Jake McCrary

Switching my Ergodox to QMK firmware

Last fall I started to work in an office again. I’ve used a hand-built Ergodox for years now and really prefer working on it. This meant I needed another ergodox for the office. Luckily, now you don’t have to build your own. I bought an Ergodox EZ1.

The Ergodox EZ uses the QMK firmware. This has a lot of fancier options than the firmware I had been using on my hand-built ergodox.

This mostly didn’t matter and I just configured the Ergodox EZ to match my original Ergodox’s layout. Then I started a new job and found myself programming in Scala using IntelliJ IDEA.

Shockingly, after not using IntelliJ for years, I still remembered many of the keyboard shortcuts. This was great! Unfortunately, in my years since last using IntelliJ, I created some conflicting keyboard shortcuts for managing my window layout. These were mostly shortcuts that involved holding Command + Alt and pushing an arrow key. Luckily, the QMK firmware supports a Meh key.

What is the Meh key? It is a key that presses Control + Alt + Shift all at the same time.

This is great for setting up shortcuts that don’t conflict with ones found in most normal programs. This let me change my window manger shortcuts to use the Meh key and I was then conflict free.

I can’t handle having different shortcuts across different machines with the same OS, so I needed to needed to update my original Ergodox to use the QMK firmware so I could also have a Meh key at home. Luckily, the QMK firmware also works on it and, maybe even more luckily, the Ergodox EZ firmware just works with my original Ergodox.

This actually means I can simply take the compiled Ergodox EZ firmware and flash it straight to my Ergodox. Any time I’ve done this the keyboard keeps working.

Unfortunately, the LEDs in my original Ergodox are mostly hidden by non-translucent keys. These LEDs indicate when I’m not main layer and I find them really useful. I only have a single translucent keycap and would prefer only that LED to be used.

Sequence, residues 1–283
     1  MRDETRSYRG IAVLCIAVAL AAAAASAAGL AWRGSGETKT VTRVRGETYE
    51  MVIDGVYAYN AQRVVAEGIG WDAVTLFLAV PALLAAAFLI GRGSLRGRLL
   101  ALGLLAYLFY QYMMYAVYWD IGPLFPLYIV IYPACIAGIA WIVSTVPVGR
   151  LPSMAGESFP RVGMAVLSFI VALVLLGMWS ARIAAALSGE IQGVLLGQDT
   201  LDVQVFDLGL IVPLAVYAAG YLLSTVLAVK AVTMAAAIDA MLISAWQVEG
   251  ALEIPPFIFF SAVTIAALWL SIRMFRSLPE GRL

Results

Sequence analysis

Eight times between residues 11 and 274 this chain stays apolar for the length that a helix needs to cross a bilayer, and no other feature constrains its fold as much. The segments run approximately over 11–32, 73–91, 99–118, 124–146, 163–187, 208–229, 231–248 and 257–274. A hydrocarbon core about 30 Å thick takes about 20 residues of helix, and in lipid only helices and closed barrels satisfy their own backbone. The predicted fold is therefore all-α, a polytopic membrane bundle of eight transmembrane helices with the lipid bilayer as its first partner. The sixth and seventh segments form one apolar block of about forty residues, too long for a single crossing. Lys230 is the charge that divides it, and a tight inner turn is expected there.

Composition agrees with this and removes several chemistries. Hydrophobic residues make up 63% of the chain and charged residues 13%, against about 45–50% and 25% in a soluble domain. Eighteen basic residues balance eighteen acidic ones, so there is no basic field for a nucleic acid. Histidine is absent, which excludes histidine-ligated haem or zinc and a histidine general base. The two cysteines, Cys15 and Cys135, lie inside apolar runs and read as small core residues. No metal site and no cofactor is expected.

Here are the steps I took to make that change.

  1. Use the graphical QMK Configurator to visually configure my keyboard layout. In the Keymap Name field, put jakemcc.
  2. Click the Compile button in the above configurator.
  3. Download the full source.
  4. Unzip the source and edit qmk_firmware/keyboards/ergodox_ez/keymaps/jakemcc/keymap.c to include snippet of code below this list.
  5. In qmk_firmware run make ergodox_ez:jakemcc.
  6. Find ergodox_ez_jakemcc.hex and flash my original Ergodox.
uint32_t layer_state_set_user(uint32_t state) {
  if (biton32(state) == 0) {
  } else {
  return state;

This snippet gets added to the bottom of the keymap.c. It only turns on led 1, which is the one under my translucent key, whenever my keyboard isn’t on layer 0.

Now, I can use the fancy Meh key to be conflict free and easily tell when I’m not on my main layer. This is wonderful.

  1. I bought one with Cherry MX Clear switches. I’ve since switched them to Cherry MX Browns. The clears were too firm for me. I did not get Cherry MX Blues because I didn’t want my fellow coworkers to be annoyed by the glorious clickty-clack of those switches.
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